Elasticity is the property of materials to return to their original size and shape after being deformed (that is, after the deforming force has been released). Since it is really a property of materials, a more complete discussion will have to wait until later. For now we'll stick to a very simple elastic system (the coil spring) and a very simple law (Hooke's law).

Hooke's law isn't about hooks. It's about springs — coil springs — the kind of spring found in a car's suspension or a retractable pen, the kind that look like a pig's tail or a lock of curly hair. Coil springs are also known as helical springs since the mathematical name for this kind of shape is a helix. The law is named in honor of its discover, the English scientist, mathematician, and architect Robert Hooke (1635–1703). Although Hooke's name is now usually associated with elasticity and springs, he was interested in many aspects of science and technology. His most famous written work is probably the *Micrographia*, a compendium of drawings he made of objects viewed under a magnifying glass. In this book, he was the first to use the word "cell" to described the walled-in regions he saw when looking at a magnified slice of plant tissue (in Hooke's case, a slice of cork). The standard story is that he compared these walled-in regions to the cells in a prison or monastery, but I could find no mention of this in the *Micrographia*. He also compared biological cells to pores, pumice, and honeycombs, but cell was the word that stuck.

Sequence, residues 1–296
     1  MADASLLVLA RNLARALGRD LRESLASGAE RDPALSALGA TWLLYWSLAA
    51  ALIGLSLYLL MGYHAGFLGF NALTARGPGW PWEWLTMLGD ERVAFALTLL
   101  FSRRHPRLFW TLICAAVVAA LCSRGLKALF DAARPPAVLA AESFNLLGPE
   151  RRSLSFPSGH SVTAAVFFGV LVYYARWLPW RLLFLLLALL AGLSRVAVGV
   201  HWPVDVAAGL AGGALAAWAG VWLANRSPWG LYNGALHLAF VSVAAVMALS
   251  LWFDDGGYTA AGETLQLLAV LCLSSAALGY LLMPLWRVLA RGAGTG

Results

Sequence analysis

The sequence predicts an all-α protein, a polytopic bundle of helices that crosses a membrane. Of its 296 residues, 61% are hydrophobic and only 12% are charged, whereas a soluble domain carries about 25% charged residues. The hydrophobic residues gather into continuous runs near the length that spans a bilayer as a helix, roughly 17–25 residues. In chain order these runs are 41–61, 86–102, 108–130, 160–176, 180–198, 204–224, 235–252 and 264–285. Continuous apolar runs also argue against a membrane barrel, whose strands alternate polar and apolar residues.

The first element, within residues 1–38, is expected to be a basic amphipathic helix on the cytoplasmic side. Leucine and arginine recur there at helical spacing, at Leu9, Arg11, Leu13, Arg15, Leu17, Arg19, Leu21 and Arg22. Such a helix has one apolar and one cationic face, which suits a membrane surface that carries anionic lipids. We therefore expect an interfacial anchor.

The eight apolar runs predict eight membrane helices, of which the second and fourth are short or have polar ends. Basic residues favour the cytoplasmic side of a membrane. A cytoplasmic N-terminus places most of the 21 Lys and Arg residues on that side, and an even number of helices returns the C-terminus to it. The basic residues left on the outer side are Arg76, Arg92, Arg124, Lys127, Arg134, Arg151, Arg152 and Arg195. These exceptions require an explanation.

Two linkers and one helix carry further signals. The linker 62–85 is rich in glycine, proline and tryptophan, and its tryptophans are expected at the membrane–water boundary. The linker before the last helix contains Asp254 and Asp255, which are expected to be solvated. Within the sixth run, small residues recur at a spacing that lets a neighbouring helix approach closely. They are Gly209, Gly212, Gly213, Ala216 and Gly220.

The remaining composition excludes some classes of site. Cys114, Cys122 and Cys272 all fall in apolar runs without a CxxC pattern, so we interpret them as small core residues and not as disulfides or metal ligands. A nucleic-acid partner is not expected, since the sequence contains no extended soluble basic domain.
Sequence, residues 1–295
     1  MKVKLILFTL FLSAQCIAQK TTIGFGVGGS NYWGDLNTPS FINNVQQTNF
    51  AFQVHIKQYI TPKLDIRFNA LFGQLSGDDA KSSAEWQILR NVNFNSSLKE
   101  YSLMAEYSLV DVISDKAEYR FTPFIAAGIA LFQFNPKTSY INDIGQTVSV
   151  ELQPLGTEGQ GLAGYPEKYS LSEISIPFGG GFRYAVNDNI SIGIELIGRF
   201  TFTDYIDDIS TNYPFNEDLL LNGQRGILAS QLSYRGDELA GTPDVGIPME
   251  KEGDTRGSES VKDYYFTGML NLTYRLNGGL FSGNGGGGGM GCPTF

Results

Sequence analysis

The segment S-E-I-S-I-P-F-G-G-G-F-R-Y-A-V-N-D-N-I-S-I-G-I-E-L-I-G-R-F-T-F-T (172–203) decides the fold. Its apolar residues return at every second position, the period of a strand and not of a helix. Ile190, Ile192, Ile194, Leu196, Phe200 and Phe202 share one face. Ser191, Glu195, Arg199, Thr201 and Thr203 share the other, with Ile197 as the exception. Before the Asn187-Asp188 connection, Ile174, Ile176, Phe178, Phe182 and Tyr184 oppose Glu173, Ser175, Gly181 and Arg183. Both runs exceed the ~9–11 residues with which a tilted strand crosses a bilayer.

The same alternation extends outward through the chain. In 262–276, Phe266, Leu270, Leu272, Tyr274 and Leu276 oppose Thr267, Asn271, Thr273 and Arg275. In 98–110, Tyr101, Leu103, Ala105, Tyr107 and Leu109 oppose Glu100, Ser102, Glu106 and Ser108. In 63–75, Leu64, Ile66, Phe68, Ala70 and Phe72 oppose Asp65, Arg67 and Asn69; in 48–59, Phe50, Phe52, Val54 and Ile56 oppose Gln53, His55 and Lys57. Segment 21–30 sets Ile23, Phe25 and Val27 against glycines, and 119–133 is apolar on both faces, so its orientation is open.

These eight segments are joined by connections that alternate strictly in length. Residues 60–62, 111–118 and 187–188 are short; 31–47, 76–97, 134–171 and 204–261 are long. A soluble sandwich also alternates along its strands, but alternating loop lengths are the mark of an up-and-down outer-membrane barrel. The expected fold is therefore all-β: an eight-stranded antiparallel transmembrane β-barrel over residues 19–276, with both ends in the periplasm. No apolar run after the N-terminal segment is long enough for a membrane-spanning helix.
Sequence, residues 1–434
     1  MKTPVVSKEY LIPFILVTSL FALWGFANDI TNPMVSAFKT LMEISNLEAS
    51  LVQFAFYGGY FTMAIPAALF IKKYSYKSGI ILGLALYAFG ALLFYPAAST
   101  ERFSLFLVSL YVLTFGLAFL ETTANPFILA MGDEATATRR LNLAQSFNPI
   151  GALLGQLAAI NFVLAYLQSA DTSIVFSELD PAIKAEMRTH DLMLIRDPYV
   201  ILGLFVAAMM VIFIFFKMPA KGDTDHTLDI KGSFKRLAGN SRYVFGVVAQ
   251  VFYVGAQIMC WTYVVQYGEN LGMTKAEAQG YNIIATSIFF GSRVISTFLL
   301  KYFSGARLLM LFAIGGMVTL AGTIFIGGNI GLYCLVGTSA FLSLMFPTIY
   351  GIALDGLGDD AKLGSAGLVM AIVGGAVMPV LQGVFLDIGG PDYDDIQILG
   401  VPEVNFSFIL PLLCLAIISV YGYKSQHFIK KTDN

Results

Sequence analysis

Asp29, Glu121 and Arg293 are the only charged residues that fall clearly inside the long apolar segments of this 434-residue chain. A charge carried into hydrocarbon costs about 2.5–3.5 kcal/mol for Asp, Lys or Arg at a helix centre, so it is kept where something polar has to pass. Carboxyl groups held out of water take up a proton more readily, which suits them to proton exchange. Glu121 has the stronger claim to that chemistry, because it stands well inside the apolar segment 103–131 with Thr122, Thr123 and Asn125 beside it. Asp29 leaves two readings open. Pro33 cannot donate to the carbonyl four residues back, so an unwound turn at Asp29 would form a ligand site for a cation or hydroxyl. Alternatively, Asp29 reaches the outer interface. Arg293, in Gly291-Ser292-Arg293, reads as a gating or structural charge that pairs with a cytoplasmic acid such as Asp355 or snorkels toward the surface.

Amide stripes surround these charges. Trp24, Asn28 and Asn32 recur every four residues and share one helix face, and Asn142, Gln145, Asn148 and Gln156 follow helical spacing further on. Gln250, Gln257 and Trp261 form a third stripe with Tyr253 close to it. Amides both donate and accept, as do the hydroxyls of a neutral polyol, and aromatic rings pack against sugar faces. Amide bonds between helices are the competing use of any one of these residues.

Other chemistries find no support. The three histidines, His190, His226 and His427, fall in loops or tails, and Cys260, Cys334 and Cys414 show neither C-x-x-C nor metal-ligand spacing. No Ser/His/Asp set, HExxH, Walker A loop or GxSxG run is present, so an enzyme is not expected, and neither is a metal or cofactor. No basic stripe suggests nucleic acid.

As I said, Hooke was interested in many areas of science. He not only looked through magnifying glasses and microscopes, but also through telescopes. Like Galileo he pointed his telescope at the sun, and like Galileo he did not look at the sun with his eye. That would have been stupid. Instead, like every sensible person since Galileo, he placed a sheet of white paper several inches in front of the eyepiece and looked at the projected image of the sun. Such a device is called a helioscope. (In Greek, ήλιος "elios" is the sun and σκοπεῖν "skopein" is to observe.) In 1675, Hooke wrote a book on the helioscope and added this little bit of text to fill up the white space leftover at the bottom of the last page …

To fill the vacancy of the enſuing page, I have added a decimate centeſme [a thousandth] of the Inventions I intend to publiſh, though poſſibly not in the ſame order, but as I can get opportunity and leaſure; moſt of which, I hope, will be as uſeful to Mankind, as they are yet unknown and new.

He then went on to list ten inventions and discoveries he had made. (This was not followed by any later list with the remaining 990 inventions he promised, by the way.) These included a way to regulate pendulum clocks, a method for constructing arches, and other inventions in optics, hydraulics, and mechanical engineering. The third item on his list is of importance to us right now.

3. The true Theory of Elaſticity or Springineſs, and a particular Explication thereof in ſeveral Subjects in which it is to be found: And the way of computing the velocity of Bodies moved by them. ceiiinosssttuu

That weird bit that looks like someone fell asleep on their computer keyboard is not a mistake. It's an anagram. In the time before patents and other intellectual property rights, publishing an anagram was a way to announce a discovery, establish priority, and still keep the details secret long enough to develop it fully. Hooke was hoping to apply his new theory to the design of timekeeping devices and didn't want the competition profiting off his discovery. He was successful in this regard and in 1678 Hooke made the solution to the anagram, and the true theory of springiness that now bears his name, public knowledge.